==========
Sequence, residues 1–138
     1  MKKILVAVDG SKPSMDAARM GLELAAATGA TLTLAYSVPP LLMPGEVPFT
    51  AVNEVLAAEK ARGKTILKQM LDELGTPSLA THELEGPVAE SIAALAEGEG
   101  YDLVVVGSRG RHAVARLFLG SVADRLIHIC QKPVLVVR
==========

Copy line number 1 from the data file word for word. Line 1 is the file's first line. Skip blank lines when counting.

Sequence, residues 1–138